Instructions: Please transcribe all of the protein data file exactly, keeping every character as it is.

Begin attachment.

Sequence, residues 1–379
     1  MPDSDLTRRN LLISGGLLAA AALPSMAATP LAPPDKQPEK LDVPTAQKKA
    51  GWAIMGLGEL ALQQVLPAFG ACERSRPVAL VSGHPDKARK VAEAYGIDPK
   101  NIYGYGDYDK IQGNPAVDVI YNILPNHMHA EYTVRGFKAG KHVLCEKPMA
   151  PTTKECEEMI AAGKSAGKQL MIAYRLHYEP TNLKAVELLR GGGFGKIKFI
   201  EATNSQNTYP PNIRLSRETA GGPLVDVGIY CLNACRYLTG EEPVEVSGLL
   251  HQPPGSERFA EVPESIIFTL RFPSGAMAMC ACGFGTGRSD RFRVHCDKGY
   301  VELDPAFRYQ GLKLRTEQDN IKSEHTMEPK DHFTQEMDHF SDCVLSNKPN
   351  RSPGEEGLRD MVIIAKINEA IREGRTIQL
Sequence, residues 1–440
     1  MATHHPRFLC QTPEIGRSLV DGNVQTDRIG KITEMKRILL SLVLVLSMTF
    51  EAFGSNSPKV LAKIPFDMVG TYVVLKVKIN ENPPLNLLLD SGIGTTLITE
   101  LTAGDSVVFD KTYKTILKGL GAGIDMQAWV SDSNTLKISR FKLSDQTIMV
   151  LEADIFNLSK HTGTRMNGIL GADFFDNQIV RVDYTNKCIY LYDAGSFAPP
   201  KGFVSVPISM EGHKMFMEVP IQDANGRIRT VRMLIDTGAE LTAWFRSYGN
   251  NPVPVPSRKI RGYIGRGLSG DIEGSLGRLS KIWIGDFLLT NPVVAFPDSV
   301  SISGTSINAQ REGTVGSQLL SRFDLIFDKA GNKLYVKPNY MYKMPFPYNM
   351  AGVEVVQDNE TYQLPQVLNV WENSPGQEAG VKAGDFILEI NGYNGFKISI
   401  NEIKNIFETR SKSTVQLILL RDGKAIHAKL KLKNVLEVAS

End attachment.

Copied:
Sequence, residues 1–379
     1  MPDSDLTRRN LLISGGLLAA AALPSMAATP LAPPDKQPEK LDVPTAQKKA
    51  GWAIMGLGEL ALQQVLPAFG ACERSRPVAL VSGHPDKARK VAEAYGIDPK
   101  NIYGYGDYDK IQGNPAVDVI YNILPNHMHA EYTVRGFKAG KHVLCEKPMA
   151  PTTKECEEMI AAGKSAGKQL MIAYRLHYEP TNLKAVELLR GGGFGKIKFI
   201  EATNSQNTYP PNIRLSRETA GGPLVDVGIY CLNACRYLTG EEPVEVSGLL
   251  HQPPGSERFA EVPESIIFTL RFPSGAMAMC ACGFGTGRSD RFRVHCDKGY
   301  VELDPAFRYQ GLKLRTEQDN IKSEHTMEPK DHFTQEMDHF SDCVLSNKPN
   351  RSPGEEGLRD MVIIAKINEA IREGRTIQL
Sequence, residues 1–440
     1  MATHHPRFLC QTPEIGRSLV DGNVQTDRIG KITEMKRILL SLVLVLSMTF
    51  EAFGSNSPKV LAKIPFDMVG TYVVLKVKIN ENPPLNLLLD SGIGTTLITE
   101  LTAGDSVVFD KTYKTILKGL GAGIDMQAWV SDSNTLKISR FKLSDQTIMV
   151  LEADIFNLSK HTGTRMNGIL GADFFDNQIV RVDYTNKCIY LYDAGSFAPP
   201  KGFVSVPISM EGHKMFMEVP IQDANGRIRT VRMLIDTGAE LTAWFRSYGN
   251  NPVPVPSRKI RGYIGRGLSG DIEGSLGRLS KIWIGDFLLT NPVVAFPDSV
   301  SISGTSINAQ REGTVGSQLL SRFDLIFDKA GNKLYVKPNY MYKMPFPYNM
   351  AGVEVVQDNE TYQLPQVLNV WENSPGQEAG VKAGDFILEI NGYNGFKISI
   401  NEIKNIFETR SKSTVQLILL RDGKAIHAKL KLKNVLEVAS